Webster 1913 Edition
The weight of goods carried in a boat or a ship.
The cubical content or burden of a vessel, or vessels, in tons; or, the amount of weight which one or several vessels may carry. See
A fleet . . . with an aggregate
tonnageof 60,000 seemed sufficient to conquer the world.
A duty or impost on vessels, estimated per ton, or, a duty, toll, or rate payable on goods per ton transported on canals.
The whole amount of shipping estimated by tons;
as, the. See
tonnageof the United States
☞ There are in common use the following terms relating to tonnage: (a) Displacement. (b) Register tonnage, gross and net. (c) Freight tonnage. (d) Builders’ measurement. (e) Yacht measurement. The first is mainly used for war vessels, where the total weight is likely to be nearly constant. The second is the most important, being that used for commercial purposes. The third and fourth are different rules for ascertaining the actual burden-carrying power of a vessel, and the fifth is for the proper classification of pleasure craft. Gross tonnage expresses the total cubical interior of a vessel; net tonnage, the cubical space actually available for freight-carrying purposes. Rules for ascertaining these measurements are established by law.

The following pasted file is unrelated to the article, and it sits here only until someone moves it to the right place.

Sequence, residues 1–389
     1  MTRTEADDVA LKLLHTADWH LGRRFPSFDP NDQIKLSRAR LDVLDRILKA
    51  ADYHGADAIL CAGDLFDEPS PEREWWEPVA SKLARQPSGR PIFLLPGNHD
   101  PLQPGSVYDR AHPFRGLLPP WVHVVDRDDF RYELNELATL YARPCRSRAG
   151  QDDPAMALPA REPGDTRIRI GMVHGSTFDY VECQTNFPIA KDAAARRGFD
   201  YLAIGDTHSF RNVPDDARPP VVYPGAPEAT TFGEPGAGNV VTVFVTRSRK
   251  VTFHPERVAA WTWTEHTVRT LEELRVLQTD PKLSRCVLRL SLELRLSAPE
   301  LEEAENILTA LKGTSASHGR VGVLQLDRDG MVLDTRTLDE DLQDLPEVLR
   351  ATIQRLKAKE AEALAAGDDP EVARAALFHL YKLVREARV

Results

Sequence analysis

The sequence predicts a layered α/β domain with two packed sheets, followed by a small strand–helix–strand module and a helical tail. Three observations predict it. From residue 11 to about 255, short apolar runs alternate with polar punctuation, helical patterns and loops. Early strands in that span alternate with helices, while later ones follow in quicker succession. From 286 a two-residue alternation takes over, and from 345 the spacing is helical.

Webster 1828 Edition
1.The weight of goods carried in a boat or ship.
2.The cubical content or burthen of a ship in tuns; or the amount of weight which she may carry.
3.A duty or impost on ships, estimated per tun; or a duty, toll or rate payable on goods per tun, transported on canals.